Archive for September, 2010
It seemed that out of battle I escaped
Down some profound dull tunnel, long since scooped
Through granites which titanic wars had groined.
Yet also there encumbered sleepers groaned,
Too fast in thought or death to be bestirred.
Then ,as I probed them, one sprang up, and stared
With piteous recognition in fixed eyes,
Lifting distressful hands, as if to bless.
And by his smile, I knew that sullen hall, –
By his dead smile I knew we stood in Hell.
With a thousand pains that vision’s face was grained;
Yet no blood reached there from the upper ground,
And no guns thumped, or down the flues made moan.
‘Strange friend,’ I said, ‘here is no cause to mourn.’
‘None,’ said that other, ‘save the undone years,
The hopelessness. Whatever hope is yours,
Was my life also; I went hunting wild
After the wildest beauty in the world,
Which lies not calm in eyes, or braided hair,
But mocks the steady running of the hour,
And if it grieves, grieves richlier than here.
For by my glee might many men have laughed,
And of my weeping something had been left,
Which must die now. I mean the truth untold,
The pity of war, the pity war distilled.
Now men will go content with what we spoiled,
Or, discontent, boil bloody, and be spilled.
They will be swift with swiftness of the tigress.
None will break ranks, though nations trek from progress.
Courage was mine, and I had mystery,
Wisdom was mine, and I had mastery:
To miss the march of this retreating world
Into vain citadels that are not walled.
Then, when much blood had clogged their chariot-wheels,
I would go up and wash them from sweet wells,
Even with truths that lie too deep for taint.
I would have poured my spirit without stint
But not through wounds; not on the cess of war.
Foreheads of men have bled where no wounds were.
I am the enemy you killed, my friend.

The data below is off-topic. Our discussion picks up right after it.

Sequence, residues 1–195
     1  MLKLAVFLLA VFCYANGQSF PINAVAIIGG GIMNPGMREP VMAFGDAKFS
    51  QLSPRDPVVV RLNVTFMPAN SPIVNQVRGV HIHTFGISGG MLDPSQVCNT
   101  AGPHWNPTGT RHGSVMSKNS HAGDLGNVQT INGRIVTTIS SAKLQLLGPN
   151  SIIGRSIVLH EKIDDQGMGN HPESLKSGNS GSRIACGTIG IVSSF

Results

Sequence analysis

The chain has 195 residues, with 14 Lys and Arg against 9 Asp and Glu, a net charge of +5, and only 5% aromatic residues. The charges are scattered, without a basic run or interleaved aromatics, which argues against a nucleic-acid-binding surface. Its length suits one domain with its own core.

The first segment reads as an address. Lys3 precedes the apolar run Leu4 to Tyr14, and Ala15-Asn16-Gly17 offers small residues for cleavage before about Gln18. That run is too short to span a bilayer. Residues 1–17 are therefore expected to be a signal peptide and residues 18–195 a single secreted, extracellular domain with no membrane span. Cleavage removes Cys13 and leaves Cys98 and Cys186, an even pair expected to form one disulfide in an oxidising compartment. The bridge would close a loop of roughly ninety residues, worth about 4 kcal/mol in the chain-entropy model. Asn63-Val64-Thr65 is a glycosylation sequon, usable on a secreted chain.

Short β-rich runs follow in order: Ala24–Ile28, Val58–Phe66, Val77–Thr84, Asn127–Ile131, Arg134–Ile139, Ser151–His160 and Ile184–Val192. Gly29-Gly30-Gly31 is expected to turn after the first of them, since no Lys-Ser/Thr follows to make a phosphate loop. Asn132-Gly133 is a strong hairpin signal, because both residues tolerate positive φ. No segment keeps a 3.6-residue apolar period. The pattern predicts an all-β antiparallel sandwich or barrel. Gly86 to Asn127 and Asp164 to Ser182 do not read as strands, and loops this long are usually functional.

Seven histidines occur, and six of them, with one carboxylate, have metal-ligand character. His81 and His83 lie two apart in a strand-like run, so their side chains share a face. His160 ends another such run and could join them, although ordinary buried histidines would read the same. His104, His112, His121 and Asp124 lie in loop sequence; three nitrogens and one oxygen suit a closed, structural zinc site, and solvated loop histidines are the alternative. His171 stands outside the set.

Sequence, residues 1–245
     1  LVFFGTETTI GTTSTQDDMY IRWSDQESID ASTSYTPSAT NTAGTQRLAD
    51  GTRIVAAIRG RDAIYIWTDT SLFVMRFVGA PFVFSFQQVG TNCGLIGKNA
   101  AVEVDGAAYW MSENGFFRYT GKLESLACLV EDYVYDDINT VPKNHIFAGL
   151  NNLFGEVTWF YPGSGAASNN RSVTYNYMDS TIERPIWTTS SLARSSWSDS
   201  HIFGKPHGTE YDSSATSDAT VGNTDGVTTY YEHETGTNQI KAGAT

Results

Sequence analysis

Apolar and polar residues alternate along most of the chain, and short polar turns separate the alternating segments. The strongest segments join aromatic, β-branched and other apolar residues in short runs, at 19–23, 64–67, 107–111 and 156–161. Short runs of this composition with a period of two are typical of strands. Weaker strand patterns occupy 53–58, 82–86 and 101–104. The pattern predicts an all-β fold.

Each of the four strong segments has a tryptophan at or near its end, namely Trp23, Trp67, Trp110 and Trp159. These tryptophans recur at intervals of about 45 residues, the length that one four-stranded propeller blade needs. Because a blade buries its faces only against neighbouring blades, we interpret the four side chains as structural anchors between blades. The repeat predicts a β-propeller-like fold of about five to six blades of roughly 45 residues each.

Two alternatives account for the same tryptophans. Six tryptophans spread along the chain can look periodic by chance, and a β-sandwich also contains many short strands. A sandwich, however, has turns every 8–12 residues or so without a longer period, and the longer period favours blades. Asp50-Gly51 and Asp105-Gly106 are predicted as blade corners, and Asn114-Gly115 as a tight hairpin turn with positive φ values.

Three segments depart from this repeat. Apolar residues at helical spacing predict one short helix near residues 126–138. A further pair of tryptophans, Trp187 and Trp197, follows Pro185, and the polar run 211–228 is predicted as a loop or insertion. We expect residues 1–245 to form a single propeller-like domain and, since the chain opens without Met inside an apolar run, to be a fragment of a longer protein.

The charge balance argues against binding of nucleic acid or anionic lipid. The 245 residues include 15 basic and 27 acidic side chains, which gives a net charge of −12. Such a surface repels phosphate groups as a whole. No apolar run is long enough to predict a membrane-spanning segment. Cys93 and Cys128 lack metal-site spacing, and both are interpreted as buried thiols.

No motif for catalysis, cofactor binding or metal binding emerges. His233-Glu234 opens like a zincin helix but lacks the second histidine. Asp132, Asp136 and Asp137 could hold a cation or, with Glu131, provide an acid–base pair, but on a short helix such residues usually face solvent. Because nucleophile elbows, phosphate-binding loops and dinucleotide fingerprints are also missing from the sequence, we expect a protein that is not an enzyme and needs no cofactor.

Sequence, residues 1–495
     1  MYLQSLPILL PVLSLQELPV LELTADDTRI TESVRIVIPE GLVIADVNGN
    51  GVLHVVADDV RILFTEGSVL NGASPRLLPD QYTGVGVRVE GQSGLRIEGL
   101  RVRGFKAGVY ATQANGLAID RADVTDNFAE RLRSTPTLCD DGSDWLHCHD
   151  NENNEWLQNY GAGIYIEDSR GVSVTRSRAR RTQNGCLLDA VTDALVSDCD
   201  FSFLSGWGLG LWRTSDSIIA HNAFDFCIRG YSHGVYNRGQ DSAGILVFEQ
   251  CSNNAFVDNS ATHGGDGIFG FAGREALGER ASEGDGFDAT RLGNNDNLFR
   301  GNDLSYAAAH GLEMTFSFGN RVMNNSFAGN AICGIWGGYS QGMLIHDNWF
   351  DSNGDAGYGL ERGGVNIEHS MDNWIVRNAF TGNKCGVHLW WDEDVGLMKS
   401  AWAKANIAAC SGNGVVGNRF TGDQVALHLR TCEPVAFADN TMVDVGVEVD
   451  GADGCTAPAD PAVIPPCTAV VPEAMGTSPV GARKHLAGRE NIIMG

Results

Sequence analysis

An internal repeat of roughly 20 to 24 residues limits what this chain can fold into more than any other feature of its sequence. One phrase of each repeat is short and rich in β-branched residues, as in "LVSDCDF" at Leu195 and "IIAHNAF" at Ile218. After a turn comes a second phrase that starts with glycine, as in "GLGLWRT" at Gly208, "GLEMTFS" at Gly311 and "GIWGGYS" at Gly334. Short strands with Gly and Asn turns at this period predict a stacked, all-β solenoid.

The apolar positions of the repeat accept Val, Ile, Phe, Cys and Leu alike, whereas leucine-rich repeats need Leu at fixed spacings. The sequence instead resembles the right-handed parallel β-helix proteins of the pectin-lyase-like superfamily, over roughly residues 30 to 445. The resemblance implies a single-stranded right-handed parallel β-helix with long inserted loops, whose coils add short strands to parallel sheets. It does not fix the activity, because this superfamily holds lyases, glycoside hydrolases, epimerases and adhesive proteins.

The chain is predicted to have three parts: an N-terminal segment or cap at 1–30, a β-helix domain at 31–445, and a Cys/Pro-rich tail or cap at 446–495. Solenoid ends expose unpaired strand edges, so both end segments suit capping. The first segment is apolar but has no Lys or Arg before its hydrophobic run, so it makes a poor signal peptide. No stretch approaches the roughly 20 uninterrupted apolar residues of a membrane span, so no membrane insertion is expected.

I knew you in this dark: for so you frowned
Yesterday through me as you jabbed and killed.
I parried; but my hands were loath and cold.
Let us sleep now…’
— Wilfred Owen
Wilfred Owen, British poet and soldier, was killed just one week before World War I ended. He was 25 years old. In his War Requium, Benjamin Britten put some of Owen’s most famous poems to music.
There was once a businessman who was sitting by the beach in a small Brazilian village.
As he sat, he saw a Brazilian fisherman rowing a small boat towards the shore having caught quite few big fish.
The businessman was impressed and asked the fisherman, “How long does it take you to catch so many fish?”
The fisherman replied, “Oh, just a short while.”
“Then why don’t you stay longer at sea and catch even more?” The businessman was astonished.
“This is enough to feed my whole family,” the fisherman said.
The businessman then asked, “So, what do you do for the rest of the day?”
The fisherman replied, “Well, I usually wake up early in the morning, go out to sea and catch a few fish, then go back and play with my kids. In the afternoon, I take a nap with my wife, and evening comes, I join my buddies in the village for a drink — we play guitar, sing and dance throughout the night.”
The businessman offered a suggestion to the fisherman.
“I am a PhD in business management. I could help you to become a more successful person. From now on, you should spend more time at sea and try to catch as many fish as possible. When you have saved enough money, you could buy a bigger boat and catch even more fish. Soon you will be able to afford to buy more boats, set up your own company, your own production plant for canned food and distribution network. By then, you will have moved out of this village and to Sao Paulo, where you can set up HQ to manage your other branches.”
The fisherman continues, “And after that?”
The businessman laughs heartily, “After that, you can live like a king in your own house, and when the time is right, you can go public and float your shares in the Stock Exchange, and you will be rich.”
The fisherman asks, “And after that?”
The businessman says, “After that, you can finally retire, you can move to a house by the fishing village, wake up early in the morning, catch a few fish, then return home to play with kids, have a nice afternoon nap with your wife, and when evening comes, you can join your buddies for a drink, play the guitar, sing and dance throughout the night!”
The fisherman was puzzled, “Isn’t that what I am doing now?”
Sadly this is what the World Bank does the world over. It convinces self-sufficient subsistence farmers to grow cash crops not food. Only problem is they do not control either the market for their crops or the price of inputs and they descend into abject poverty.
A man came home from work late again, tired and irritated, to find his 5-year-old son waiting for him at the door.
“Daddy, may I ask you a question?”
“Yeah, sure, what is it?” replied the man.
“Daddy, how much money do you make an hour?